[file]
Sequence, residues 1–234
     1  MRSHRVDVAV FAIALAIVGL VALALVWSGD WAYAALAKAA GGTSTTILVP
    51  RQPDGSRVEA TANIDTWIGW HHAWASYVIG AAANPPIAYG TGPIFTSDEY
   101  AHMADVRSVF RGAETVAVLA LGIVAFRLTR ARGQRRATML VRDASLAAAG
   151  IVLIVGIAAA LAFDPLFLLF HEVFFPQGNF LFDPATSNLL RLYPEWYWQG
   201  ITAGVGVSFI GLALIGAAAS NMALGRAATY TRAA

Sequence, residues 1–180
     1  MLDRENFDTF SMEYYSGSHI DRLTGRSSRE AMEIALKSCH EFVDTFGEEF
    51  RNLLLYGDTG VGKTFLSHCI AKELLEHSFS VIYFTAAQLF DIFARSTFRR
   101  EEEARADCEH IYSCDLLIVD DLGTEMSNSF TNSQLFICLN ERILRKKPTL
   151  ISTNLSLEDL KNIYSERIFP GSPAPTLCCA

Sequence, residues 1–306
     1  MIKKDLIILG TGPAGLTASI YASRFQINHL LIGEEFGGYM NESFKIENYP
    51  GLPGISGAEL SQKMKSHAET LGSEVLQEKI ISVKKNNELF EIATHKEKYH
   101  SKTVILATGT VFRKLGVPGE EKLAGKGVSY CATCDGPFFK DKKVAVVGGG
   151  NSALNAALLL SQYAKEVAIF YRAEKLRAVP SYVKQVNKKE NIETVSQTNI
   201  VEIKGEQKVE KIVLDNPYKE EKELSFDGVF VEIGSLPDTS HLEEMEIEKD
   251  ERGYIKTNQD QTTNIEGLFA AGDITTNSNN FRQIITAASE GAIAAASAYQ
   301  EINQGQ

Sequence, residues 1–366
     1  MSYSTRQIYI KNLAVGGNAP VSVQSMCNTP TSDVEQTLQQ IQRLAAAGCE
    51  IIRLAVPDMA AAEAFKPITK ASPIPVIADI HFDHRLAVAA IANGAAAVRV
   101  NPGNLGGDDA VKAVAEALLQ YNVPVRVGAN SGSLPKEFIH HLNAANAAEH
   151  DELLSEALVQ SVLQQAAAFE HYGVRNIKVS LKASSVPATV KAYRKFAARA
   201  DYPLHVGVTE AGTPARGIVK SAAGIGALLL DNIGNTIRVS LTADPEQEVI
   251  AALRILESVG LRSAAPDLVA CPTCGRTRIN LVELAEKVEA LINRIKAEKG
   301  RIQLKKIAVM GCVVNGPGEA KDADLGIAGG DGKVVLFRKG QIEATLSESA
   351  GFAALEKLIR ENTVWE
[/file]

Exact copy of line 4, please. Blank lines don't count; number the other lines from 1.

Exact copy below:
   101  AHMADVRSVF RGAETVAVLA LGIVAFRLTR ARGQRRATML VRDASLAAAG